The Sculptor Speaks: Jacob Epstein to Arnold L. Haskell, a Series of Conversations on Art

By Jacob Epstein; Arnold L Haskell | Go to book overview
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CHAPTER ONE
ON ART CRITICISM AND THE WRITING OF BOOKS

(THE scene is laid in the large living room. It is Sunday afternoon and the table is fully laid for the friends who will come in. On the walls and round the room are the many art treasures Epstein has accumulated. The only pictures on the walls are a vigorous series of paintings, flower pieces and nudes, by Matthew Smith. They are rich and glowing in colour, painting of a quality rare in what Epstein calls "this anæmic age." There are a few Epsteins, a head of his wife, some baby heads of Peggy Jean and the mask of Meum. Through the glass doors can be seen two large Marquesan idols. This is the scene of nearly all our conversations, though occasionally we may wander into the next room or across the corridor into the vast glasscovered studio, full of shrouded figures, to discuss some particular work.)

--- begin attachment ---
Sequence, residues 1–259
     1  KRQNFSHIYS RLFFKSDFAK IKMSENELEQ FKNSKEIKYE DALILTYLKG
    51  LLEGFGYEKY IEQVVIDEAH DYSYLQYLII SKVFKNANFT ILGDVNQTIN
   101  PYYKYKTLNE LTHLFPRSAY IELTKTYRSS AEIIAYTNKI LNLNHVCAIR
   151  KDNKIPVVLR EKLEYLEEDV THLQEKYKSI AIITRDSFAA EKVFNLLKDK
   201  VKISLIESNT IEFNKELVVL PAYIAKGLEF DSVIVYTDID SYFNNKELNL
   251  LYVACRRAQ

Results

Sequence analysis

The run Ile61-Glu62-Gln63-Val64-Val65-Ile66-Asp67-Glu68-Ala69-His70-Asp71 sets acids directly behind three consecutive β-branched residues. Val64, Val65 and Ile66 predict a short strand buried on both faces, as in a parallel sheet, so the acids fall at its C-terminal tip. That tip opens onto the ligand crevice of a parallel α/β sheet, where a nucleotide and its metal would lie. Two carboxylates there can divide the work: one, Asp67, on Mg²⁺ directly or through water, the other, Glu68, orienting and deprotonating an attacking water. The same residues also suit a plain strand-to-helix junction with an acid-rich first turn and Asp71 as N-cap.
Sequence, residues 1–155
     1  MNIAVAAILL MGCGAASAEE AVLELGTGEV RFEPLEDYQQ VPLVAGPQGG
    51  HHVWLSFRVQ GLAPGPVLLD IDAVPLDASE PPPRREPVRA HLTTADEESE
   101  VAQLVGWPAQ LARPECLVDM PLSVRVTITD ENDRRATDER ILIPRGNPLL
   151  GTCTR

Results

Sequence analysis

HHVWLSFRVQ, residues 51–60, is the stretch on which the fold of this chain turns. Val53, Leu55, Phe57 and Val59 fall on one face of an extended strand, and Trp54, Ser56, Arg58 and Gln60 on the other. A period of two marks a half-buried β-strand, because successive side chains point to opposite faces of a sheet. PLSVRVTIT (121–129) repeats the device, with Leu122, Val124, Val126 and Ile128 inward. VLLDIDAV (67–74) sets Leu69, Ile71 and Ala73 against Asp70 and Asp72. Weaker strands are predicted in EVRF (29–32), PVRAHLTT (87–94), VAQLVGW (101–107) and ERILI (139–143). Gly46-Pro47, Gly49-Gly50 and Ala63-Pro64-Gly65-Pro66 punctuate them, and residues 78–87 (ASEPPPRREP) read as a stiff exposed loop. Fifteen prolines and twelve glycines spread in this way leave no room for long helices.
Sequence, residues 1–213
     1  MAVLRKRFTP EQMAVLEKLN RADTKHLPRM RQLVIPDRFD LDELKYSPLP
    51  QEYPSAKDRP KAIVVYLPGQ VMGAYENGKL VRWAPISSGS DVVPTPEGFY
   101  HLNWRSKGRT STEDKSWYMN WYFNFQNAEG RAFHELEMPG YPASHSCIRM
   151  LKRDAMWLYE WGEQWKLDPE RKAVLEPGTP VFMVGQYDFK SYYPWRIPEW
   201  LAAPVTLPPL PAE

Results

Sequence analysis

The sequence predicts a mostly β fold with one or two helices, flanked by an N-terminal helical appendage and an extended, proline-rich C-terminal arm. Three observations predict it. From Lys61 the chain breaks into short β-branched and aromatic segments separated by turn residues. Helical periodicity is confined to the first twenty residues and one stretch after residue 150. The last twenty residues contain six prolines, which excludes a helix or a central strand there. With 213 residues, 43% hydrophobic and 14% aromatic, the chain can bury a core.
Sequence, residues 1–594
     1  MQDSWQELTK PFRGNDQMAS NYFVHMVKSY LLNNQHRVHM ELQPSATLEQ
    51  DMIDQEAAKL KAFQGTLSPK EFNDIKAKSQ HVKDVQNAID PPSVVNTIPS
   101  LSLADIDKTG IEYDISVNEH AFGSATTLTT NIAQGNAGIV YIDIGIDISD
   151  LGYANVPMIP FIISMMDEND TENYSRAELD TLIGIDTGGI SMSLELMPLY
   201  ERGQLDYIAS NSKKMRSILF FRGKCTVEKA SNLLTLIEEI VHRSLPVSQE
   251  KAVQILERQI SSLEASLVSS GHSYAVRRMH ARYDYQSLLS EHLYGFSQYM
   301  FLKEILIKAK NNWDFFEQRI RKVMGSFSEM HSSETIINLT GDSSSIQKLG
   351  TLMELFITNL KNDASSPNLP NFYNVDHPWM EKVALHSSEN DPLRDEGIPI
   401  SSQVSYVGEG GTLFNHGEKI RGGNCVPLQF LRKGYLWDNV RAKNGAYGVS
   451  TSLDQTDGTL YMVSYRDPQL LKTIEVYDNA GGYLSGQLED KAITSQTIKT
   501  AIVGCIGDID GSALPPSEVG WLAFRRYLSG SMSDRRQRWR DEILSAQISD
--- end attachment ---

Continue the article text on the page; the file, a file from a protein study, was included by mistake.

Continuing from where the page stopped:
A. L. H. What is art?

EPSTEIN. I was once asked very much the same question by a judge in a New York court. A Mr.

-1-

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